Taiwan's tourist industry has gradually bottomed out of a recession triggered by the devastating 921 earthquake last year, the Tourism Bureau under the Ministry of Transportation and Communications said yesterday.
Latest ministry figures show that tourist arrivals declined by 18.5 percent and 5.6 percent in the fourth quarter of 1999 and the first quarter of 2000, respectively, from year-earlier levels, due to the earthquake.
Nevertheless, the downward trend reversed itself in the second quarter of this year when tourist arrivals registered 1.1 percent growth from the same period in 1999, according to ministry statistics.
The tourist industry rebound continued picking up steam in the third quarter of the year, with tourist arrivals posting a 6.5 percent gain during the three-month period.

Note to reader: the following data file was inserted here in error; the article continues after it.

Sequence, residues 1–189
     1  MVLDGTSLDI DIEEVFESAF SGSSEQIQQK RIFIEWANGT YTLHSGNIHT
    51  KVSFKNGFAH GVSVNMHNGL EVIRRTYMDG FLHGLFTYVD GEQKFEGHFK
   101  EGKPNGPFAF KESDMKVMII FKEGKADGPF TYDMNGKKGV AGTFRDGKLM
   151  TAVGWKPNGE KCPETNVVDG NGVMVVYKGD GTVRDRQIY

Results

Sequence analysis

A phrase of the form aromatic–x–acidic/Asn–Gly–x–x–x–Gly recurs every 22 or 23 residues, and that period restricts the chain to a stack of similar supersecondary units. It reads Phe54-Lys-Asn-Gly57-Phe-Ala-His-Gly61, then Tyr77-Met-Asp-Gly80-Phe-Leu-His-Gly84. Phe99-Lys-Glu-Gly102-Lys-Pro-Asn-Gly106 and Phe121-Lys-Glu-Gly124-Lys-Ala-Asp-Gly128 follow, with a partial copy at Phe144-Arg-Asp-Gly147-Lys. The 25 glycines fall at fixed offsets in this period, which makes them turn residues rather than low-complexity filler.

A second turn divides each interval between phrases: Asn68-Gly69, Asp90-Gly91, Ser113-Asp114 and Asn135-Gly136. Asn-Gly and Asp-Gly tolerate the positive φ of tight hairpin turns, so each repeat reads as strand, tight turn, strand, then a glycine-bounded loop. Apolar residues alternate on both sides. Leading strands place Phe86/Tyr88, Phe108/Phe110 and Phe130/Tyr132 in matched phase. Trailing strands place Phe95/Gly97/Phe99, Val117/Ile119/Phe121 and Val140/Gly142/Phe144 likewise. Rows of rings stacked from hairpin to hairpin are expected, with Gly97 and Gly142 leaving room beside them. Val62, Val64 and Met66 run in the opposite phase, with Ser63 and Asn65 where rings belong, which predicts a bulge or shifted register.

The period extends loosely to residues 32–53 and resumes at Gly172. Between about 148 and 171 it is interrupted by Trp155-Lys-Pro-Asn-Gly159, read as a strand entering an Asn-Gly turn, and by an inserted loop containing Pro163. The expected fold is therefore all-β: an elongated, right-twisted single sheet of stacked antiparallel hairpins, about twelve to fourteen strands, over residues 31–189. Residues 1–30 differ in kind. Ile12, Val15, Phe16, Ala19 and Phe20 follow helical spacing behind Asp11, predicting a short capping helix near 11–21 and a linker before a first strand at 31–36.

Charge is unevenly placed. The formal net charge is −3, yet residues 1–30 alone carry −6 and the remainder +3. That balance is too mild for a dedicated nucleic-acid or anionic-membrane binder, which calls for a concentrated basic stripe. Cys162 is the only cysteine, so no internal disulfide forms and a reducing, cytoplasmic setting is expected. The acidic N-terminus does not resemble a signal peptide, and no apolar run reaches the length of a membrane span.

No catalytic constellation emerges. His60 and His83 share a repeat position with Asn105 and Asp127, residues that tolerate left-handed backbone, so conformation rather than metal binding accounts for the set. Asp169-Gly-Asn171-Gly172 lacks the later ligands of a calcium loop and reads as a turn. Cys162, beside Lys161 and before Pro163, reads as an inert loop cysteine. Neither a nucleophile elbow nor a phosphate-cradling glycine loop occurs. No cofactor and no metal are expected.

Altogether, tourist arrivals totaled 1.91 million in the first three quarters of this year, up 0.6 percent from the corresponding period of last year.
Analyzing the figures, ministry officials said the tourist industry has bottomed out of the earthquake-triggered recession and is gradually regaining strength.
Barring unexpected developments, the officials said, tourist arrivals will reach 2.5 million to set an annual record.
According to ministry tallies, 75 percent of tourist arrivals in the first three quarters came from Asia, 15.8 percent from the Americas, and 6.2 percent from Europe.
Japan remained the largest source of Asian visitors to Taiwan, but the proportion declined. The proportion of Japanese tourists among total Asian travelers to Taiwan reached a peak of 48.1 percent in 1989, but the ratio dropped to 33.6 percent in the first nine months of this year.
In terms of travel purposes, 66 percent of those who visited Taiwan in the January to September period came for business or sightseeing reasons.
Ministry figures also show that trying Chinese cuisine tops the list of major activities by foreign tourists.
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